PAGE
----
CRT Class Action e Transfer (Is It A Scam?)
You may be wondering if an email you recently received about a class action payment is fraudulent or not. Something looking like this:
What Does CRT Class Action Mean?
A cathode ray tube (CRT) is a type of electrical device that is commonly used in televisions and computer monitors. A CRT works by using an electron beam to produce images on a phosphorous screen. The beam is created by a heated filament, called a cathode, which is located in the back of the tube. When the beam hits the screen, it causes the phosphorous to glow, producing the image that you see.
A class action lawsuit is a type of lawsuit where a group of people with the same or similar injuries caused by the same product or action sue the defendant as a group. For example, if a group of people were injured by a defective product, they could bring a class action lawsuit against the company that manufactured the product.
According to RicePoint Administration, persons resident in Canada can receive a payment from the settlements if they purchased CRT televisions or computer monitors (any manufacturer & brand), in Canada between 1995 and 2007. RicePoint states that Canadians are compensated because of allegations that certain TV & Monitor manufacturers unlawfully conspired to fix prices for CRTs and CRT Products.
INTERAC e-Transfer: CRT CLASS ACTION sent you money.
This is the title of the email you will receive if you are being compensated by this settlement. [email protected] is the sender. Like any interac e-transfer, you will have options to deposit the amount in your favorite bank account.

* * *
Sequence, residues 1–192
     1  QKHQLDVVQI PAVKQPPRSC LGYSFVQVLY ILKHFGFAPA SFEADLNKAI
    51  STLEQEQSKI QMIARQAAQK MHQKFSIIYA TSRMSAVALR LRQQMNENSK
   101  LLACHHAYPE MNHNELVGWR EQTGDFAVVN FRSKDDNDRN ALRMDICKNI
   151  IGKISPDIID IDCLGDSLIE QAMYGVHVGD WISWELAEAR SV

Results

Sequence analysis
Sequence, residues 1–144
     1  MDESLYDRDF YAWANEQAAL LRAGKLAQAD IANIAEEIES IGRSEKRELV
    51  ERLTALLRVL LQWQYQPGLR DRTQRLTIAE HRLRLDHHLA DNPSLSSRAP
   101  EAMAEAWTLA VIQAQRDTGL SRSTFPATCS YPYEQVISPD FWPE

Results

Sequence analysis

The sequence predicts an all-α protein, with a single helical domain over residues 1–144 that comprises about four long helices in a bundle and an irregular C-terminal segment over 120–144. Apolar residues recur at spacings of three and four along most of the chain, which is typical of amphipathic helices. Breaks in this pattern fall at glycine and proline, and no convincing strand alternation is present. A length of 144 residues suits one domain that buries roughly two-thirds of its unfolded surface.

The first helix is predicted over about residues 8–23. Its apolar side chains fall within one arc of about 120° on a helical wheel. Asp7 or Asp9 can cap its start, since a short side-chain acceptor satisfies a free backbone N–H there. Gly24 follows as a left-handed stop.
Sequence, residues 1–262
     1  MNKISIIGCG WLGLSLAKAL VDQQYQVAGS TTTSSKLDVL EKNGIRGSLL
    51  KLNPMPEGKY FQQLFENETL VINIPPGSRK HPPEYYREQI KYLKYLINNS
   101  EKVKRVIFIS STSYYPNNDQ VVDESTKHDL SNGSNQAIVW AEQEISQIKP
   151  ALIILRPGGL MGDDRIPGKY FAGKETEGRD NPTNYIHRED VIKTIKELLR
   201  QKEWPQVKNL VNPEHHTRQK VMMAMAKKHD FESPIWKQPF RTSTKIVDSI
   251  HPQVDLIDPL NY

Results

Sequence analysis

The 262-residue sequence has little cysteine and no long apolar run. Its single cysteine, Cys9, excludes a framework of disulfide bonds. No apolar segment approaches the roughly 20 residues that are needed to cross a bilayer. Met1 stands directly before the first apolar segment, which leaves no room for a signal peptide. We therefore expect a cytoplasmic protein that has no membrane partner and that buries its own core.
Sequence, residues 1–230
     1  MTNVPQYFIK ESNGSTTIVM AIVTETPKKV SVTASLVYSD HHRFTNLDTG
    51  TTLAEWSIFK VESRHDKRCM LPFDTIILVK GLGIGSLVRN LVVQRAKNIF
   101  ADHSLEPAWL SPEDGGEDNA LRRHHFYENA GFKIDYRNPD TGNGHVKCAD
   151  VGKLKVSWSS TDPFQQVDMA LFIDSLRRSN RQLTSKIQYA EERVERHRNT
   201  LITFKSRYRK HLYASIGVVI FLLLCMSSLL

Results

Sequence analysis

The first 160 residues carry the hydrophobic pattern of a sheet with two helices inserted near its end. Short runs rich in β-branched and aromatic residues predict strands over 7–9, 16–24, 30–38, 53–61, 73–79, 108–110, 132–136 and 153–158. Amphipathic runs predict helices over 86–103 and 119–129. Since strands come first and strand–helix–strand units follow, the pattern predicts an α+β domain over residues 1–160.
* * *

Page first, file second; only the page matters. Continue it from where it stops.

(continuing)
How Much Is Owed To Canadians?
The full lawsuit amount is $50 million.
How Much Money Will I Receive?
The email should contain the detail, but amounts should exceed $20 and often exceed $30.
What Is The Security Answer To The Favorite Pet Question?
The security answer is: “charlie“, without the quotation marks.
Is CRT Class Action A Scam?
It is not. If you want to be 100% sure, search for a prior email from CRT Class Action Claims Administrator. It cites: “You submitted a claim in the Canadian CRT Class Action. Your payment from the settlement was delayed due to class member appeals. We apologize for this delay.”
Avoiding Phishing In Your Everyday Life:
In general, to avoid a phishing attempt, you can:
Look for mismatched URLs: If the email includes a link, hover your cursor over the link to see the true destination URL. If it does not match the URL that is displayed in the email, the email is likely a phishing attempt.
Check the sender’s email address: Phishing emails often come from addresses that look legitimate but are slightly off. For this example, this could be “[email protected]” instead of “[email protected]”. Be cautious of any emails that do not come from a recognizable sender.
Be wary of urgent or threatening language: Phishing emails often use urgent or threatening language to try and trick the recipient into taking immediate action, such as providing sensitive information or clicking on a link. Take a moment to think before responding to any email that uses this type of language.
Don’t click on links or download attachments from unknown senders: This is a general rule of thumb for avoiding phishing attempts. If you are unsure about the sender, do not click on any links or download any attachments from the email.
Use an anti-phishing tool: Many email clients and security software programs include anti-phishing tools that can help to identify and block phishing attempts. If you are unsure about the legitimacy of an email, you can use one of these tools to help verify its authenticity.